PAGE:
Billionaire investor Icahn may buy Chesapeake stock
Growing numbers of Chesapeake Energy rigs could soon be assembling atop the region's Marcellus and Utica shale regions as part of the debt-heavy company's latest plan to increase drilling and close an enormous funding gap that has hurt share prices in recent weeks, executives said Monday.
And not a moment too soon. The Wall Street Journal reported Monday that investor Carl Icahn is thought to have purchased a significant stake in the company, as a first step toward personally retooling the embattled Oklahoma driller.
The latest developments all arose Monday in yet another conference call with skittish shareholders, this one prompted by a $3 billion emergency loan from Wall Street. As he has done on several similar calls in the past two weeks, CEO Aubrey McClendon assured investors that a shift toward certain shale formations signaled a new day for Chesapeake as it tries to close a several-billion-dollar cash gap brought on by intense leveraging and layers of loans.
The company's potential savior: liquids-rich regions like those found in Appalachia, which contain valuable natural gas liquids such as ethane and propane that have been immune to plummeting natural gas prices.
The new loan, announced late Friday, provides Chesapeake with much-needed financial liquidity that Mr. McClendon said will help fund a "transition" to focus less on grabbing land, and more on actually developing it.
Monday's early-morning conference call with investors still might have been too little, too late. Chesapeake's anemic shares responded well Monday -- closing at $15.52, up 71 cents -- but it wasn't clear whether that response was to the news on the call or to reports that Mr. Icahn was getting involved.
The high-profile investor was seen by some as a white knight -- or at least, the surest way toward a McClendon-free Chesapeake.
For his part, Mr. Icahn, a billionaire financier whose portfolio has included companies as wide-ranging as RJR Nabisco to Marvel Comics, stayed mum on the Chesapeake rumors, and formal filings of any stock purchases may not appear for several days.
One of Wall Street's most familiar faces, Mr. Icahn has been known to purchase shares at bargain-basement prices, then demand a management or strategy change that causes shares to rise and allows him to sell his stake at a profit.
He last made a scene in the Pittsburgh region in 2004, when he acquired a 9.8 percent stake and threatened to unseat directors at Mylan Laboratories in Canonsburg because he was displeased with plans to take over King Pharmaceuticals. Mylan eventually decided against the acquisition, saying it fell apart because the parties failed to reach an agreement, and not because of pressure from Mr. Icahn.
Meanwhile, Mr. McClendon was busy explaining to investors Monday that the shift toward liquids-rich shale formations is the fourth transition at Chesapeake since its founding in 1989, and signals a move "from a strategy of asset capture to a strategy of asset harvest."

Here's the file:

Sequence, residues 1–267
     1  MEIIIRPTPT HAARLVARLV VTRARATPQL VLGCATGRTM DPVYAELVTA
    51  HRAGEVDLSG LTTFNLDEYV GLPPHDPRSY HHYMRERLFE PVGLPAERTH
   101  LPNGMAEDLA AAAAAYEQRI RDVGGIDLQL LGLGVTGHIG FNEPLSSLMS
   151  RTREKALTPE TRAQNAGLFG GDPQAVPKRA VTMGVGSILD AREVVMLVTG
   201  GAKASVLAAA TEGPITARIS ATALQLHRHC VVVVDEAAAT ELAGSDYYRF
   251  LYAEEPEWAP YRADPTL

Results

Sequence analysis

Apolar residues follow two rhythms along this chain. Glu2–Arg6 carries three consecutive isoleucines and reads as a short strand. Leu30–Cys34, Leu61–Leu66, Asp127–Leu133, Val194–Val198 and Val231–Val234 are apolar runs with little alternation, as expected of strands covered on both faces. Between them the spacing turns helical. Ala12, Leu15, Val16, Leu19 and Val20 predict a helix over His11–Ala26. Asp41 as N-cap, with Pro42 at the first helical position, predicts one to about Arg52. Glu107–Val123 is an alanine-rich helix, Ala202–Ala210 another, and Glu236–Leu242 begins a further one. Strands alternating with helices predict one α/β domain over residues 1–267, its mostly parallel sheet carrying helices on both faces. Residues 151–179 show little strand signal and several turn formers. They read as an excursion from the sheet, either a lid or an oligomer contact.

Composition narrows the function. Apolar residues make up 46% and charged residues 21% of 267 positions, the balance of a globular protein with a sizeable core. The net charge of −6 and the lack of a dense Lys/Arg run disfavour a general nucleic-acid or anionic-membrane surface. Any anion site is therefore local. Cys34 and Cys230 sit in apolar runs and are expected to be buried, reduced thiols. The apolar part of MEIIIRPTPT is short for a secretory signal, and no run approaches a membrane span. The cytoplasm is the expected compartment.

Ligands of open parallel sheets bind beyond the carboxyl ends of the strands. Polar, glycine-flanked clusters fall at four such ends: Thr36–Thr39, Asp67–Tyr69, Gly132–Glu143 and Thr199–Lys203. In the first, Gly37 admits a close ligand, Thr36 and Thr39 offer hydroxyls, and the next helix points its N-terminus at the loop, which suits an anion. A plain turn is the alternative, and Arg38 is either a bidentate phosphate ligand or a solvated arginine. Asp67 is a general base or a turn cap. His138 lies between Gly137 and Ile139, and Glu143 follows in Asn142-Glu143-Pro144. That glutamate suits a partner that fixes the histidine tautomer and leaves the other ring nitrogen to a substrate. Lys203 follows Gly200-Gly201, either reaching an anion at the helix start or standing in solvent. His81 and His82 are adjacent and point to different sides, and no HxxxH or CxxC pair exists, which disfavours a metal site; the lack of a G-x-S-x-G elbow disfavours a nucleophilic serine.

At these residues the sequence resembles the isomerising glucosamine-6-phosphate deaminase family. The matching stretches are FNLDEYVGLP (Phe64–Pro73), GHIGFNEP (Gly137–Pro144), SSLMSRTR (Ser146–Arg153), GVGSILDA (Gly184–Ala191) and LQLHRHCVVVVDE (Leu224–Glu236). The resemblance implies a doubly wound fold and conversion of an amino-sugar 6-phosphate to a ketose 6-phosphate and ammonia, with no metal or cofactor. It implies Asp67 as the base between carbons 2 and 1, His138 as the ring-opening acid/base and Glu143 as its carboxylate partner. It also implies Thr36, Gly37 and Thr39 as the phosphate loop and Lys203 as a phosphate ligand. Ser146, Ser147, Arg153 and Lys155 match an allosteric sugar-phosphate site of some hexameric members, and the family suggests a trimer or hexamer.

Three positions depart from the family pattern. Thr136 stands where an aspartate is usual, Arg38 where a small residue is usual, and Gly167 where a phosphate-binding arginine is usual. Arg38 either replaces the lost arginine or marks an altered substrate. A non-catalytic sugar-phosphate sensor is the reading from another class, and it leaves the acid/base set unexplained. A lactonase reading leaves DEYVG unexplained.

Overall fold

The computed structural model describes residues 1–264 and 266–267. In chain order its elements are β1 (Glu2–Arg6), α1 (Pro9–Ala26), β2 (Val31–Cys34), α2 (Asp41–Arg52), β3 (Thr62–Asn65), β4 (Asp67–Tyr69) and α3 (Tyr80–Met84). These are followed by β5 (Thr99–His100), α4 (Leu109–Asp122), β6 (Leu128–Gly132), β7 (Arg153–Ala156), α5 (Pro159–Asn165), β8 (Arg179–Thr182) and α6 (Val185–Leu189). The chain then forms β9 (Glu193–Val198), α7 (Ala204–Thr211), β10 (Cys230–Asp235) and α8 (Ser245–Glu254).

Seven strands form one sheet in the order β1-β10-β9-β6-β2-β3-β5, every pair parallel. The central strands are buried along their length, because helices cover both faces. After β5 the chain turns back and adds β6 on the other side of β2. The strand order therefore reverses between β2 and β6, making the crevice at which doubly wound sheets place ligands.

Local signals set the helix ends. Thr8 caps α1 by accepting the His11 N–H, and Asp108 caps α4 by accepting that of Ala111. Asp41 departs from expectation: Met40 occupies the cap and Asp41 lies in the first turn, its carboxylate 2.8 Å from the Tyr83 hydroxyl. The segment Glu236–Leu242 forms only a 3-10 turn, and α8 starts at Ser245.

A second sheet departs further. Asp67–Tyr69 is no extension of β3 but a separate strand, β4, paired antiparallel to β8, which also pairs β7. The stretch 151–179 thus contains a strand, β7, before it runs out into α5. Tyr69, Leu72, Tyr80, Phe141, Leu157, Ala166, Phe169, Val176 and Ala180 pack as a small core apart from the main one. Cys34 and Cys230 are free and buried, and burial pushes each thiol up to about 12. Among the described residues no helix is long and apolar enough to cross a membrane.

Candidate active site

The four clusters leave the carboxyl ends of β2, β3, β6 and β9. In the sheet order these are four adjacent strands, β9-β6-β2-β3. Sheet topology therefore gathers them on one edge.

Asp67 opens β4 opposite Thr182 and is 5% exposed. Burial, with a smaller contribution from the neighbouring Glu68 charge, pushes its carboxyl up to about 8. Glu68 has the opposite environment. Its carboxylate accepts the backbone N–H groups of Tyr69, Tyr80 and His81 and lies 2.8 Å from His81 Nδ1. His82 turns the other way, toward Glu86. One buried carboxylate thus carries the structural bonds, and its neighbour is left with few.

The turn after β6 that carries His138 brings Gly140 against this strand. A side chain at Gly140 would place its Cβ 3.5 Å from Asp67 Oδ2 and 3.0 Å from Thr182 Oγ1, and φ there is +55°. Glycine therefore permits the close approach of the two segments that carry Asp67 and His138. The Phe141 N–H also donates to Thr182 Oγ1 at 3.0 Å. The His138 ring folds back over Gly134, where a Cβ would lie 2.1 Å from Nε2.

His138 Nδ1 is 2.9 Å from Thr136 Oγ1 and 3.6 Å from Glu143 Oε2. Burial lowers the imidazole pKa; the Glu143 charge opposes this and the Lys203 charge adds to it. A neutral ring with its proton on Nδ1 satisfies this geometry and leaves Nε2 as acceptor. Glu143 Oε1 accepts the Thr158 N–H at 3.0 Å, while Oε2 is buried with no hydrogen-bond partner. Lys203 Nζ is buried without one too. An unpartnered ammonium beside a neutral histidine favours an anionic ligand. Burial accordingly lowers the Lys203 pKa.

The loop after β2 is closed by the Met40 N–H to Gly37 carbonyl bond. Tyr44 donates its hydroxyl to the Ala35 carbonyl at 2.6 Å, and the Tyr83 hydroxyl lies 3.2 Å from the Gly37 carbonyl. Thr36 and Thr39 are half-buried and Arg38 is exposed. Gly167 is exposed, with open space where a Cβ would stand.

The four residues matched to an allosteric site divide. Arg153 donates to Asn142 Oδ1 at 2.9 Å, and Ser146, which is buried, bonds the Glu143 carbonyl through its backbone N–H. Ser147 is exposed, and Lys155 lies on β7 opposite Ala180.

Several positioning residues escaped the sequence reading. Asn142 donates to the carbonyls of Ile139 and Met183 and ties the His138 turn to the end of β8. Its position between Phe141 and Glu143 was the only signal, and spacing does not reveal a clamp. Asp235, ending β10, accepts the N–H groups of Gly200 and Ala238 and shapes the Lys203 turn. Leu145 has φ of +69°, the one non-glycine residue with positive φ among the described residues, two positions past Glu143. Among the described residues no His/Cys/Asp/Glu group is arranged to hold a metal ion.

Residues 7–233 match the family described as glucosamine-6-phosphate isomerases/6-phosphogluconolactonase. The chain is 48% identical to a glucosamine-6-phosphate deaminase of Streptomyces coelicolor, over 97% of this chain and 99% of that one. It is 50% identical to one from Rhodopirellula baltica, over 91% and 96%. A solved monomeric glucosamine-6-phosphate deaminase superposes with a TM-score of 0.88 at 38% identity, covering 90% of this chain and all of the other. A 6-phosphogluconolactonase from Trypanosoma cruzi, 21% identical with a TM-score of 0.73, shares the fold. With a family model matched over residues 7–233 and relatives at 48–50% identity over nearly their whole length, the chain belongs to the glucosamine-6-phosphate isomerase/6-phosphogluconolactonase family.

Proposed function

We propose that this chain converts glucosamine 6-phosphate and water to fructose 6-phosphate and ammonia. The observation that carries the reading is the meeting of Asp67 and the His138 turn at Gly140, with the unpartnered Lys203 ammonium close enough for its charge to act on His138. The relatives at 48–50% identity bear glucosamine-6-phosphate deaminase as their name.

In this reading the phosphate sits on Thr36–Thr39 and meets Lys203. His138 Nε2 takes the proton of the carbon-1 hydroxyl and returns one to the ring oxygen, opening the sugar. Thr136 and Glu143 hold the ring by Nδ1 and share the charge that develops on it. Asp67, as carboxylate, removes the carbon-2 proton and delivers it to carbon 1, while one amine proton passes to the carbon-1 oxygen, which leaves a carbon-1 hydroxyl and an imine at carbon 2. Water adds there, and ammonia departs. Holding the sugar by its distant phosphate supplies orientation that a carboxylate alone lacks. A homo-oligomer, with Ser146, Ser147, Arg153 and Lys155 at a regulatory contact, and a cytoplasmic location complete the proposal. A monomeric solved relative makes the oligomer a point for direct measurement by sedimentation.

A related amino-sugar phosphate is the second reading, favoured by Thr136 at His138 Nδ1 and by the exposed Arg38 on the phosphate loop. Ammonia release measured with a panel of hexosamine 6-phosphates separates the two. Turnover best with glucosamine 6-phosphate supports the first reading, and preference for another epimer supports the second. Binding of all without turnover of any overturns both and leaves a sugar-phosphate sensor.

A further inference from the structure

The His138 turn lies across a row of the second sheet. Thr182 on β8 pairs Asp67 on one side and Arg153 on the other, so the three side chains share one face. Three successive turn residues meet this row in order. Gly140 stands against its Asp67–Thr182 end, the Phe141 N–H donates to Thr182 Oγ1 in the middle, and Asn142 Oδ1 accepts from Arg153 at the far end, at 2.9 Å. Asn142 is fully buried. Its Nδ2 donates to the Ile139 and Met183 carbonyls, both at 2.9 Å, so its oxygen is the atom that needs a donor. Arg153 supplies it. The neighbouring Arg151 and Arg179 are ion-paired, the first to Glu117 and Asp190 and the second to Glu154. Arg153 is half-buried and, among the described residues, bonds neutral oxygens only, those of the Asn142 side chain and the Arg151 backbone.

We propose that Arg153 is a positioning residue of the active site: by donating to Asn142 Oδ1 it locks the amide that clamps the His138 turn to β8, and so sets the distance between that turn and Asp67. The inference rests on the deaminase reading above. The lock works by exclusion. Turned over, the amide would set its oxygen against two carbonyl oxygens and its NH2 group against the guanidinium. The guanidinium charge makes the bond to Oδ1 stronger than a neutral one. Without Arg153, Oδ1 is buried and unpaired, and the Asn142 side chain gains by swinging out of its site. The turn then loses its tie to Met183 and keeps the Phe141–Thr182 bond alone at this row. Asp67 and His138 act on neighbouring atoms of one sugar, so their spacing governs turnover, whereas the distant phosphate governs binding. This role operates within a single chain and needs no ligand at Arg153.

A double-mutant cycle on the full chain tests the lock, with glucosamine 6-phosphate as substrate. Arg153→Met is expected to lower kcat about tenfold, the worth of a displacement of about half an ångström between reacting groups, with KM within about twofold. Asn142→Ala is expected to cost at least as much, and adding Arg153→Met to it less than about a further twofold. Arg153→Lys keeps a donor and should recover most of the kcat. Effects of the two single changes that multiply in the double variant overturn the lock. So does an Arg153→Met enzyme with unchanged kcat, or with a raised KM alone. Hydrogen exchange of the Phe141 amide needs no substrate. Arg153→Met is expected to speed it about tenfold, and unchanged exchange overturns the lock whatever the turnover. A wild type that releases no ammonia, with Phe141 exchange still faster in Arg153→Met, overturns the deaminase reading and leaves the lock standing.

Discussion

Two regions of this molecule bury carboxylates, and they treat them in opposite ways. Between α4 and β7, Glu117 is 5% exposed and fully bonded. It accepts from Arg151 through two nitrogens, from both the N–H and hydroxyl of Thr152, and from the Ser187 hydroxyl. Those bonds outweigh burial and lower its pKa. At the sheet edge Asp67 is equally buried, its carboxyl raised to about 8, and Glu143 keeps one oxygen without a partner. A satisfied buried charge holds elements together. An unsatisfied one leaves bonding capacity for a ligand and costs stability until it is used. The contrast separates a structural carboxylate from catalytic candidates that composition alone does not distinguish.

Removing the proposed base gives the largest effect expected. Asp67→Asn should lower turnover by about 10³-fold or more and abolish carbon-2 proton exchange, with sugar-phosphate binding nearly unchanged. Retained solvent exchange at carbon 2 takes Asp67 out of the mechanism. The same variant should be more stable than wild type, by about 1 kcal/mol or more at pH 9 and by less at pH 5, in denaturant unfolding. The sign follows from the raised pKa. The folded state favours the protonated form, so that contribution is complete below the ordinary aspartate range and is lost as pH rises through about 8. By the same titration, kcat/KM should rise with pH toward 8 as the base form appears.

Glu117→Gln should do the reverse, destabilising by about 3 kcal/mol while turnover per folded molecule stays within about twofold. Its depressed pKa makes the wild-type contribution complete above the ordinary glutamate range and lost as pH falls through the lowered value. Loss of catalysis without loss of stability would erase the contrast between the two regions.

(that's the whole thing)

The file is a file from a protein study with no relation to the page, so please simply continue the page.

That harvesting will include the vast amounts of acreage the company has acquired at significant cost in Ohio over the past couple years.
Chesapeake became the dominant driller of the Marcellus Shale in Pennsylvania through an aggressive series of land swaps and flips, often financed through complex loan arrangements and joint ventures.
The company's lease acquisition budget for 2013 is being reduced by 90 percent from the year prior, said Mr. McClendon.
"Believe me, Chesapeake's management team is very, very focused on getting these funding gap issues behind us once and for all and as early as possible," he said.
The $3 billion Goldman Sachs loan comes with an interest rate of 8.5 percent. If Chesapeake fails to pay back the loan by Jan. 1, 2013, that interest rate jumps to 11.5 percent.
All of Mr. McClendon's assurances did little to calm his angriest critics, who still called for his ouster as company CEO on Monday. Not long ago, he gave up his position as chairman after concerns were raised about his personal stakes in company wells.
London-based hedge fund Noster Capital owns 250,000 Chesapeake shares and sent an open letter to the board Monday calling for Mr. McClendon to be fired and kept on as an unpaid adviser.
Analysts said a strategic focusing on liquids wasn't foolproof, because overdevelopment of those commodities could lead to the plummeting prices similar to those seen in regular natural gas.
"What happens if [natural gas liquids] or oil go down?" said Mark Hanson, a Chicago-based analyst at Morningstar. "Some see 2013 as being the year that you might see markets like ethane and propane see some softness."
During the call with investors, Mr. McClendon didn't discourage talk that Mr. Icahn might be entering the playing field, perhaps out of confidence or perhaps because he knew murmurs of "Icahn" can bolster stock prices.
"If he comes in, I'm pretty confident he'll make a lot of money," said Mr. McClendon.
First Published May 15, 2012 12:00 am